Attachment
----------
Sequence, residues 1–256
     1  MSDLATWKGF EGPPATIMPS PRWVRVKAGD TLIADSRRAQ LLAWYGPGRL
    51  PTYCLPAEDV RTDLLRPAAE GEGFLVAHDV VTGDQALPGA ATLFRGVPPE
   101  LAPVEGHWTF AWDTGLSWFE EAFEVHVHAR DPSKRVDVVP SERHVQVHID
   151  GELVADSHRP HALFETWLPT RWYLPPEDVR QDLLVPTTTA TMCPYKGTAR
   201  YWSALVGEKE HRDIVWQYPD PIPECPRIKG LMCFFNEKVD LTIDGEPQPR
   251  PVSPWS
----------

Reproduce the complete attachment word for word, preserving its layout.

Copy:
Sequence, residues 1–256
     1  MSDLATWKGF EGPPATIMPS PRWVRVKAGD TLIADSRRAQ LLAWYGPGRL
    51  PTYCLPAEDV RTDLLRPAAE GEGFLVAHDV VTGDQALPGA ATLFRGVPPE
   101  LAPVEGHWTF AWDTGLSWFE EAFEVHVHAR DPSKRVDVVP SERHVQVHID
   151  GELVADSHRP HALFETWLPT RWYLPPEDVR QDLLVPTTTA TMCPYKGTAR
   201  YWSALVGEKE HRDIVWQYPD PIPECPRIKG LMCFFNEKVD LTIDGEPQPR
   251  PVSPWS